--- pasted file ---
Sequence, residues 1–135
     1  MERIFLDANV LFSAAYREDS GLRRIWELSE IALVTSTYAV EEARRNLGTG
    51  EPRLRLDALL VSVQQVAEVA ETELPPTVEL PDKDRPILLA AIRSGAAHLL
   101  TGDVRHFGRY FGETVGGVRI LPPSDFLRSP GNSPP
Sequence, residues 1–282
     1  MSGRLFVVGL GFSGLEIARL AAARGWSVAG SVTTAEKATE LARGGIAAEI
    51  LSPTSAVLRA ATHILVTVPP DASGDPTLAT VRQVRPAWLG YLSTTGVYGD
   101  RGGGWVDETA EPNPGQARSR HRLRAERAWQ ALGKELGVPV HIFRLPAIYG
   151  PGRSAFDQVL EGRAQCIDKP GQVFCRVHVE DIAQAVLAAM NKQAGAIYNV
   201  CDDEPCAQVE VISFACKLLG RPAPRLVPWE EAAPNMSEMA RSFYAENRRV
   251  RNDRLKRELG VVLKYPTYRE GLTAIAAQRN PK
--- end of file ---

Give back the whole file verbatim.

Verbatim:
Sequence, residues 1–135
     1  MERIFLDANV LFSAAYREDS GLRRIWELSE IALVTSTYAV EEARRNLGTG
    51  EPRLRLDALL VSVQQVAEVA ETELPPTVEL PDKDRPILLA AIRSGAAHLL
   101  TGDVRHFGRY FGETVGGVRI LPPSDFLRSP GNSPP
Sequence, residues 1–282
     1  MSGRLFVVGL GFSGLEIARL AAARGWSVAG SVTTAEKATE LARGGIAAEI
    51  LSPTSAVLRA ATHILVTVPP DASGDPTLAT VRQVRPAWLG YLSTTGVYGD
   101  RGGGWVDETA EPNPGQARSR HRLRAERAWQ ALGKELGVPV HIFRLPAIYG
   151  PGRSAFDQVL EGRAQCIDKP GQVFCRVHVE DIAQAVLAAM NKQAGAIYNV
   201  CDDEPCAQVE VISFACKLLG RPAPRLVPWE EAAPNMSEMA RSFYAENRRV
   251  RNDRLKRELG VVLKYPTYRE GLTAIAAQRN PK